The Decision Made: On the Inspection Encounter

  • Peter L. Hupe


Inspecting is a verb. It presupposes action, while as a public task it entails a range of activities. In the inspectors’ interaction with citizen-clients as inspectees the essence of those activities is decision making. When shortcomings are observed, broadly speaking a threefold repertoire is available for taking action: disciplining the client, merely documenting and reporting what has been observed or being responsive and showing compassion. Inspectors need to make such decisions in the situation at hand in a way that can be justified in multiple directions: to their political-administrative superiors, to their peers, but also to the inspectees concerned. In this chapter the relationship between decision making and circumstances will be explored, as well as the considerations on the side of the inspector. What decision is made and why?


Law enforcement Inspection Street-level bureaucracy Decision making 



Michael Hill, Steven Maynard-Moody, Steven Van de Walle and Bernardo Zacka are acknowledged for their comments on an earlier version of this chapter.


  1. Baviskar, S., & Winter, S. C. (2017). Street-level bureaucrats as individual policymakers: The relationship between attitudes and coping behavior toward vulnerable children and youth. International Public Management Journal, 20(2), 316–353.Google Scholar
  2. Bergman, T., Müller, W. C., & Strøm, K. (2000). Introduction: Parliamentary democracy and the chain of delegation. European Journal of Political Research, 73(3), 255–260.Google Scholar
  3. Brodkin, E. Z. (1997). Inside the welfare contract. Social Service Review, 71(1), 1–33.Google Scholar
  4. Brodkin, E. Z. (2011). Policy work: Street level organizations under new managerialism. Journal of Public Administration Research and Theory, 21(2), 253–277.Google Scholar
  5. Cohen, N. (2016). How culture affects street-level bureaucrats’ bending the rules in the context of informal payments for health care: The Israeli case. American Review of Public Administration, 48(2), 175–187.Google Scholar
  6. Dubois, V. (2010). The bureaucrat and the poor. Farnham: Ashgate.Google Scholar
  7. Dworkin, R. M. (1977). Taking rights seriously. Cambridge, MA: Harvard University Press.Google Scholar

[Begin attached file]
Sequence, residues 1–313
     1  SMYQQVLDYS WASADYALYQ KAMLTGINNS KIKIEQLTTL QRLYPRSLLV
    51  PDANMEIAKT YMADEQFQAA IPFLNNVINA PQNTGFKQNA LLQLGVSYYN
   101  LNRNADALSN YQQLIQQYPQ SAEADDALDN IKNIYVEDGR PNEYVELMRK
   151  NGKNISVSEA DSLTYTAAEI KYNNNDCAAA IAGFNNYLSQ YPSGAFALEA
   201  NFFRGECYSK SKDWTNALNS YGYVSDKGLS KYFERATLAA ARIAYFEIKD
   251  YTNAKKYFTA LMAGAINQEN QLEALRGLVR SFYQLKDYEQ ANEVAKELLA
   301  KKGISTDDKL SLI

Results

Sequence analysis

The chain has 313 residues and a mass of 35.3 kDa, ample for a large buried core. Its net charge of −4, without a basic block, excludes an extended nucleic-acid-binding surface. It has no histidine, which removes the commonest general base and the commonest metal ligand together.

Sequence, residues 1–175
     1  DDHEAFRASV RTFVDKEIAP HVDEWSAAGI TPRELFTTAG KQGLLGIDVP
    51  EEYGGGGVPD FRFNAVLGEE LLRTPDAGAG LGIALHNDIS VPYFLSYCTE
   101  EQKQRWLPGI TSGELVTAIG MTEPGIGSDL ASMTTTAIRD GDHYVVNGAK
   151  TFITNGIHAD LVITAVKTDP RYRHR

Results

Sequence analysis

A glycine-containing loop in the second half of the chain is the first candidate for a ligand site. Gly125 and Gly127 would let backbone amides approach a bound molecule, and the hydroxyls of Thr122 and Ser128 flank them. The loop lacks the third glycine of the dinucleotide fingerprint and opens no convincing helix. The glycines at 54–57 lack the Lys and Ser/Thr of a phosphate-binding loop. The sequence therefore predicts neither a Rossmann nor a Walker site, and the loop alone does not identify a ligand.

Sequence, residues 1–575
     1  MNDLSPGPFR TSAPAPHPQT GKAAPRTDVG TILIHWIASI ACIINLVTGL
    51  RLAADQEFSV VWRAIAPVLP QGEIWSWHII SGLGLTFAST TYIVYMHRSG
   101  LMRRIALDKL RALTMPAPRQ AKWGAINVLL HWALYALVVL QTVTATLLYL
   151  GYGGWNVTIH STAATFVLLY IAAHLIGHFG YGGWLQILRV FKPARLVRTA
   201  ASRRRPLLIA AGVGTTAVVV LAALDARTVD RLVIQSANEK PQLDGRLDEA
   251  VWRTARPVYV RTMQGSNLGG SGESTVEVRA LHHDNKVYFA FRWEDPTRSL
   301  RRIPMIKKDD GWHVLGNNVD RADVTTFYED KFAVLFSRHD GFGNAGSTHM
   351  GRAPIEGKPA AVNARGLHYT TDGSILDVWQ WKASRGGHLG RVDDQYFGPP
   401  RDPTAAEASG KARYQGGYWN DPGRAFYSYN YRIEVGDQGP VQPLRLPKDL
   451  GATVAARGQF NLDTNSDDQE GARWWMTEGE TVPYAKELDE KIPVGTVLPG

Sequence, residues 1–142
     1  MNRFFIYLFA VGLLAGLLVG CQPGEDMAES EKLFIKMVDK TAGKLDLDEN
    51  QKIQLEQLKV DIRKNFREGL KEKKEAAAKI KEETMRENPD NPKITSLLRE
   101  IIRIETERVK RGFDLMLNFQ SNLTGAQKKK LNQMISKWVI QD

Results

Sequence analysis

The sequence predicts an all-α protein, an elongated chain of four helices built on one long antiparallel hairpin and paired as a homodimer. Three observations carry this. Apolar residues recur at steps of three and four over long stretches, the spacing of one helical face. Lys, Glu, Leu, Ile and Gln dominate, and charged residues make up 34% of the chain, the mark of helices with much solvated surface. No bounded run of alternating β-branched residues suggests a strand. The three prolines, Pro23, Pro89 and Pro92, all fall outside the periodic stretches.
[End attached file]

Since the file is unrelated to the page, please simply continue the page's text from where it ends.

8. Evans, T., & Hupe. P. L. (Eds.). (2019). The Palgrave Macmillan handbook on discretion: The quest for controlled freedom. London, UK: Palgrave Macmillan.Google Scholar
  9. Garrow, E., & Grusky, O. (2013). Institutional logic and street-level discretion: The case of hiv test counseling. Journal of Public Administration Research and Theory, 23(1), 103–131.Google Scholar
  10. Gofen, A. (2014). Mind the gap: Dimensions and influence of street-level divergence. Journal of Public Administration Research and Theory, 24(2), 473–493.Google Scholar
  11. Hanf, K. I. (1993). Enforcing environment laws: The social regulation of co-production. In M. J. Hill (Ed.), New agenda in the study of the policy process (pp. 88–89). Hemel Hampstead: Harvester Wheatsheaf.Google Scholar
  12. Harrits, G., & Møller, M. (2014). Prevention at the front line: How home nurses, pedagogues, and teachers transform public worry into decisions on special efforts. Public Management Review, 16(4), 447–480.Google Scholar
  13. Hasenfeld, Y. (Ed.). (2010). Human services as complex organizations. London: Sage.Google Scholar
  14. Hill, M. J., & Hupe, P. L. (2014). Implementing public policy: An introduction to the study of operational governance (3rd, Rev. ed.). London: Sage.Google Scholar
  15. Hood, C. C. (1991). A public management for all seasons? Public Administration, 69(1), 3–19.Google Scholar
  16. Hupe, P. L. (1993). The politics of implementation: Individual, organizational and political co-production in social services delivery. In M. J. Hill (Ed.), New agenda in the study of the policy process (pp. 130–151). Hemel Hampstead: Harvester Wheatsheaf.Google Scholar
  17. Hupe, P. L. (2013a). Dimensions of discretion: Specifying the object of street-level bureaucracy research. Der Moderne Staat. Zeitschrift für Public Policy, Recht und Management, 6(2), 425–440.Google Scholar
  18. Hupe, P. L. (2013b). Determinants of discretion: Explanatory approaches in street-level bureaucracy research. Paper (Unpublished) written during a Visiting Fellowship 2012–2013 at All Souls College, Oxford.Google Scholar
  19. Hupe, P. L. (2014). What happens on the ground: Persistent issues in implementation research. Public Policy and Administration, 29(2), 164–182.Google Scholar
  20. Hupe, P. L. (Ed.). (2019a). The Edward Elgar research handbook on street-level bureaucracy: The ground floor of government in context. Cheltenham: Edward Elgar.Google Scholar